He said he would take care to give the ambassador a prejudice in my favour, and that he would give me a good reception.

"We will begin to break the ice to-morrow," added this charming cardinal. "You shall dine with me, and his excellence shall hear of it."

He heard with pleasure that I was well provided for as far as money was concerned, and that I had made up my mind to live simply and discreetly so long as I remained in Rome.

"I shall write about you to M---- M----," he said. "I have always kept up a correspondence with that delightful nun."

I then amused him by the, talk of my adventure with the nun of Chamberi.

"You ought to ask the Prince of Santa Croce to introduce you to the princess. We might pass some pleasant hours with her, though not in our old Venetian style, for the princess is not at all like M---- M----.

"And yet she serves to amuse your eminence?"

"Well, I have to be content with what I can get."

The next day as I was getting up from dinner the cardinal told me that M. Zuliani had written about me to the ambassador, who would be delighted to make my acquaintance, and when I went I had an excellent reception from him.

The Chevalier Erizzo, who is still alive, was a man of great intelligence, common sense, and oratorical power. He complimented me on my travels and on my being protected by the State Inquisitors instead of being persecuted by them. He kept me to dinner, and asked me to dine with him whenever I had no other engagement.

The same evening I met Prince Santa Croce at the duchess's, and asked him to introduce me to his wife.

"I have been expecting that," he replied "even since the cardinal talked to her about you for more than an hour. You can call any day at eleven in the morning or two in the afternoon."

I called the next day at two o'clock. She was taking her siesta in bed, but as I had the privileges allowed to a person of no consequence she let me in directly. She was young, pretty, lively, curious, and talkative; she had not enough patience to wait for my answer to her questions. She struck me as a toy, well adapted to amuse a man of affairs, who felt the need of some distraction. The cardinal saw her regularly three times a day; the first thing in the morning he called to ask if she had had a good night, at three o'clock in the afternoon he took coffee with her, and in the evening he met her at the assembly. He always played at piquet, and played with such talent that he invariably lost six Roman sequins, no more and no less. These losses of the cardinal's made the princess the richest young wife in Rome.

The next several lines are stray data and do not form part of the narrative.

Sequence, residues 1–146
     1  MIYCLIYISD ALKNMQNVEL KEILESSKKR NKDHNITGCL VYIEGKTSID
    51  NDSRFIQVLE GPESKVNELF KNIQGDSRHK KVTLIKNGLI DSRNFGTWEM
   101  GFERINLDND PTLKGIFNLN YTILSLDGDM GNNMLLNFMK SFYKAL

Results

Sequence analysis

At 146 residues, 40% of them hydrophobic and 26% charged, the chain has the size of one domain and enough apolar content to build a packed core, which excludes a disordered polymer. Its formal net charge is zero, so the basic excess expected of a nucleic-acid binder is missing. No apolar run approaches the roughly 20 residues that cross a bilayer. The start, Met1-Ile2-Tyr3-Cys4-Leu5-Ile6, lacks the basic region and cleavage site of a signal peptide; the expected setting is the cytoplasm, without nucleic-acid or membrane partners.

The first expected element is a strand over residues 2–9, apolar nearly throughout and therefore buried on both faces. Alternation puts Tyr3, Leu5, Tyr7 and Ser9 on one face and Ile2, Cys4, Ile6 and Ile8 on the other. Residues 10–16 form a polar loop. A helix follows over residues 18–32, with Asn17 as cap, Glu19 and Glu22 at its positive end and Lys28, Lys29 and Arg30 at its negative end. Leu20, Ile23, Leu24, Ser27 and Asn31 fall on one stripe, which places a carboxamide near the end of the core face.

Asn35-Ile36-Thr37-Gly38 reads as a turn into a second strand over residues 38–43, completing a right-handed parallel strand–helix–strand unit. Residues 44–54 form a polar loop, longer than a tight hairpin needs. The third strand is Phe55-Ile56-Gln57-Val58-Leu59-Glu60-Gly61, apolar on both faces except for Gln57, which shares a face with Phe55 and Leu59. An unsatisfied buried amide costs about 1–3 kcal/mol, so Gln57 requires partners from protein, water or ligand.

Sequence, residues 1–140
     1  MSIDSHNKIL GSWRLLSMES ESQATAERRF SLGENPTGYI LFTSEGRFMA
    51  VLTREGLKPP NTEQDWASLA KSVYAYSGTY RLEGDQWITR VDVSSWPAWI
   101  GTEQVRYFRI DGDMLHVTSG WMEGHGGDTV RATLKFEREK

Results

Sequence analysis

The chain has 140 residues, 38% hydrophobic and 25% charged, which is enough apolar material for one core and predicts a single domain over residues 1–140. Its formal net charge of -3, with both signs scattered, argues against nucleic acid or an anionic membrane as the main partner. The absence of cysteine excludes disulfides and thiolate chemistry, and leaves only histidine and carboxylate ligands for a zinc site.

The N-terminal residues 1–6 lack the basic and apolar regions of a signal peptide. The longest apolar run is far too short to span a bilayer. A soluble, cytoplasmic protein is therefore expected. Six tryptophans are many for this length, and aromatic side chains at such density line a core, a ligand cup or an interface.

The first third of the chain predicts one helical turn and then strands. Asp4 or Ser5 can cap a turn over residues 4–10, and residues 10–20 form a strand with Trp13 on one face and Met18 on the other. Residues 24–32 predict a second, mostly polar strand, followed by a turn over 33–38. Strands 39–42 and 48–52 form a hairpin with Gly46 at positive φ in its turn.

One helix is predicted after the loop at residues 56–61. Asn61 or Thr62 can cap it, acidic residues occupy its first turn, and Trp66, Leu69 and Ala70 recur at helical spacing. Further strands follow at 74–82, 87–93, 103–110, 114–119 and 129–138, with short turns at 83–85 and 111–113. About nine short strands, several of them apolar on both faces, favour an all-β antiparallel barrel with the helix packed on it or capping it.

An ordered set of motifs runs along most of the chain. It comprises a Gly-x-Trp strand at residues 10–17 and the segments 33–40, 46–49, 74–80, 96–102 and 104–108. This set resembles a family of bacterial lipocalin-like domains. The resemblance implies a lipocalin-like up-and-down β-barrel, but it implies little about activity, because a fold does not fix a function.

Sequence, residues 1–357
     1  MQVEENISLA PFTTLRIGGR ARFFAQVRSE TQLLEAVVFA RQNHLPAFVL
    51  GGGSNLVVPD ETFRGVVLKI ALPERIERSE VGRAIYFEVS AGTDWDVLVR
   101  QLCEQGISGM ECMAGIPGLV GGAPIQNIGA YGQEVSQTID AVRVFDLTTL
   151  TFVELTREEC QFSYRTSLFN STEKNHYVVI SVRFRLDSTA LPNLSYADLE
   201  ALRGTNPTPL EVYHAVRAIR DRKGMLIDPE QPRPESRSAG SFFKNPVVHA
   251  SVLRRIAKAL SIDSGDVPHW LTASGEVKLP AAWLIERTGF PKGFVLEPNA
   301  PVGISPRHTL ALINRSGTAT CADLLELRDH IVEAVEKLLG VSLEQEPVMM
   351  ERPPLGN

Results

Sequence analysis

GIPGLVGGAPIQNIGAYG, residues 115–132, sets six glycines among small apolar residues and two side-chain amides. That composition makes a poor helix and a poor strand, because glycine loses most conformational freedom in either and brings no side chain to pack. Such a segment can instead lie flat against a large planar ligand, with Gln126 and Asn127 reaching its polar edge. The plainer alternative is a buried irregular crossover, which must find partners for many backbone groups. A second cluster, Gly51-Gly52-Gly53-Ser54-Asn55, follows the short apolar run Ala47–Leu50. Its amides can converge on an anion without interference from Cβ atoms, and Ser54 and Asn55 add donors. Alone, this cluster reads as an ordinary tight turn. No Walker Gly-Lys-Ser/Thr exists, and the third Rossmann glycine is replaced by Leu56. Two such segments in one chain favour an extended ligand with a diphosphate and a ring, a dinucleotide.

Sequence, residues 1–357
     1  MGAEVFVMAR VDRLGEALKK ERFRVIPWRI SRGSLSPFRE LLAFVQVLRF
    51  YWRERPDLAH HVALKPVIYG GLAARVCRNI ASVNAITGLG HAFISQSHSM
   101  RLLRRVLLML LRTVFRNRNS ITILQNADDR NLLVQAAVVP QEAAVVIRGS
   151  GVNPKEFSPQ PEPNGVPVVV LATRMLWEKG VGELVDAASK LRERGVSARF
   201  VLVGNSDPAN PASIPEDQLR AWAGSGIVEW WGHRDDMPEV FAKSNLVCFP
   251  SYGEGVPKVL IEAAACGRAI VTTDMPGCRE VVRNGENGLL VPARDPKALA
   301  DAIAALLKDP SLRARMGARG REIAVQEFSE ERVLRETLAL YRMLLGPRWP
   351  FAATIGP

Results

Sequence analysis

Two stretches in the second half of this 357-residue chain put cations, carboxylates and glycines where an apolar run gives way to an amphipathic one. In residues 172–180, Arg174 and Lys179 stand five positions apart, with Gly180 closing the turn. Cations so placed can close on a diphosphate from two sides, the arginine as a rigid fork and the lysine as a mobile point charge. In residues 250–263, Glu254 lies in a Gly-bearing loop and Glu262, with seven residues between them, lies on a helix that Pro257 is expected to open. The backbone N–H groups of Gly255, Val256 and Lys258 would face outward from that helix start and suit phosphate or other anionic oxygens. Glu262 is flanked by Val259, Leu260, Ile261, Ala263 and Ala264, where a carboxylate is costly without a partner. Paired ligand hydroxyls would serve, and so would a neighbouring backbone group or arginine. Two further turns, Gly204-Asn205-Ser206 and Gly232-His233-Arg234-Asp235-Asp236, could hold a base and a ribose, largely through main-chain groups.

Although the marquis was somewhat inclined to be jealous, he could not possibly object to his wife enjoying a revenue of eighteen hundred francs a month, and that without the least scandal, for everything was done in public, and the game was honestly conducted. Why should not fortune fall in love with such a pretty woman?

The Prince of Santa Croce could not fail to appreciate the friendship of the cardinal for his wife, who gave him a child every year, and sometimes every nine months, in spite of the doctor's warnings to beware of results. It was said that to make up for his enforced abstinence during the last few days of his wife's pregnancy, the prince immediately set to again when the child was being baptized.

The friendship of the cardinal for the prince's wife also gave him the advantage of getting silks from Lyons without the Pope's treasurer being able to say anything, as the packets were addressed to the French ambassador. It must also be noted that the cardinal's patronage kept other lovers from the house. The High Constable Colonna was very much taken with her. The prince had surprised this gentleman talking to the princess in a room of the palace and at an hour when she was certain that the cardinal would not be in the way. Scarcely had the Colonna gone when the prince told his wife that she would accompany him into the country the next day. She protested, saying that this sudden order was only a caprice and that her honour would not allow of her obeying him.

Memoirs of Casanova Volume 6c Rome Page 30

Memoirs of Jacques Casanova

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